School makes climate change commitment   



BAR HARBOR — By a unanimous vote on Monday, the Mount Desert Island High School board made a formal commitment to combatting climate change and its impacts. 

The commitment, proposed by the school’s student Eco Team, lays out actions to be taken in education, carbon emissions and social justice.  

The students called for adding a focus on climate change to required classes so that all students will have a good understanding of climate science 

As for carbon emissions, Eco Team member Mason Soares told the school board last month, “We aim to reduce (the high school’s) emissions and waste production by increasing our efficiency and use of climate-friendly alternatives. A goal of becoming carbon neutral by 2030 and carbon negative by 2050 should be kept in mind during future decisions.” 

The social justice component of the commitment should include “an active effort to have a variety of people with different viewpoints in the discussion” of combatting climate change, Soares said. 

Ruth Poland, a science teacher who works with the student Eco Team, told the school board on Monday that she thinks the education component of the climate change commitment will be easy for the high school to keep. 

“Many courses have taught it already, but it is one of those things that often gets dropped off when you run out of time,” she said. “So, I think the educational commitment is really to recenter and refocus it with the clear intention that it is going to be in at least one required class by the time students graduate.” 

Principal Matt Haney said, “The simplest place to start is to ensure it’s in the freshman biology class that 99 percent of the students take. But then it needs to be spread out across the entire curriculum. 

Several high school board members asked questions or made comments about the proposed climate change commitments, particularly the commitment to teach climate change in required classes.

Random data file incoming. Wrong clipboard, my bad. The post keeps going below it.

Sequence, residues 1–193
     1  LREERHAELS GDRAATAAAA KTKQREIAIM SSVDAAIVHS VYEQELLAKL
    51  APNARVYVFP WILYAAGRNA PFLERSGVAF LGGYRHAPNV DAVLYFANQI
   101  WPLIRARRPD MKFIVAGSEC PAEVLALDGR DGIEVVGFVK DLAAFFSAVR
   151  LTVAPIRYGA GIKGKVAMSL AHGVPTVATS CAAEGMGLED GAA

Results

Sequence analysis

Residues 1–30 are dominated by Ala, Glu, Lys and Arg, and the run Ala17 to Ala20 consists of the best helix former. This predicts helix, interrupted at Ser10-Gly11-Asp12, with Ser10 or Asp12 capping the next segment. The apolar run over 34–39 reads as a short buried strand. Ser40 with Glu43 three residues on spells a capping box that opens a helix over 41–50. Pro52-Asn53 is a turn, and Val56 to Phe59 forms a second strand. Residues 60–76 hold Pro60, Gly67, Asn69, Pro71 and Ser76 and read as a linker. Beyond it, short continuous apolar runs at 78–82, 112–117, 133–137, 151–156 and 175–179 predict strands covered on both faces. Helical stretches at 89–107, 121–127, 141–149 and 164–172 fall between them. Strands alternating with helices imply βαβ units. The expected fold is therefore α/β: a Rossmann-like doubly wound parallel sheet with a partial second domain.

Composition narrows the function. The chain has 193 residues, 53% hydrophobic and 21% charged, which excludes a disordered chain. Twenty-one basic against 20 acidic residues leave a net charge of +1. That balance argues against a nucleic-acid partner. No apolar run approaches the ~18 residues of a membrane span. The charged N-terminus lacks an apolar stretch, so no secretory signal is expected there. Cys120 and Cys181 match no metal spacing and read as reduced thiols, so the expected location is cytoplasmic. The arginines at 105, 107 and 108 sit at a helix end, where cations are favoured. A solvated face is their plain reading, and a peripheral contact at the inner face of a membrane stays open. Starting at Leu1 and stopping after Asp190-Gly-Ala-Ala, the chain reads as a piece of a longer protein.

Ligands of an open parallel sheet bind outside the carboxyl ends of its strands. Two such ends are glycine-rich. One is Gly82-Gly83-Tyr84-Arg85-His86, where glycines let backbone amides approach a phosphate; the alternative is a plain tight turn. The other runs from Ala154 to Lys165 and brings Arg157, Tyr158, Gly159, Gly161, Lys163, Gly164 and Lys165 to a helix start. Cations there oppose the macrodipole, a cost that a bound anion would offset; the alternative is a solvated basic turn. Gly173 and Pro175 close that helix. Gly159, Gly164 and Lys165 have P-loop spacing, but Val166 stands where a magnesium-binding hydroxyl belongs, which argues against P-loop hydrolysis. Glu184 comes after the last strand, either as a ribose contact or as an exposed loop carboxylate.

“This is not my perspective, but there are people among us who don’t believe climate change and climate education is something they should be spending their time on,” said board member Lilea Simis. 

Haney said that, from an educational perspective, “This is not something we see as a controversial topic. It is clearly based on science. Climate change is real.  

People have the ability to disagree with anything we teach, but we’re not going to shy away from teaching this because of that particular perspective. It’s because of that perspective that it is so important we have a comprehensive way to address it.” 

Board member Kristi Losquadro said she, too, supports the climate change commitment. 

“But I think there are going to be a lot of people in our community who say, ‘How is this related to preparing our kids for college and career readiness?’ We need to be able to answer that.” 

Haney said the answer is: “When you talk about college and career readiness, this is an exploding field with lots of careers and money to be made. It’s an economic lesson; it’s a civics lesson. It really is the wave of the future, hopefully for good and, if we ignore it, for bad. 

Julie Keblinsky, the high school’s dean of curriculum, added that the school follows the Next Generation Science Standards for course content that Maine and many other states have adopted. 

“Climate literacy is a strong component of that,” she said. 

Dick Broom

Dick Broom

Reporter at Mount Desert Islander
Dick Broom covers the towns of Mount Desert and Southwest Harbor, Mount Desert Island High School and the school system board and superintendent's office. He enjoys hiking with his golden retriever and finding new places for her to swim. [email protected]

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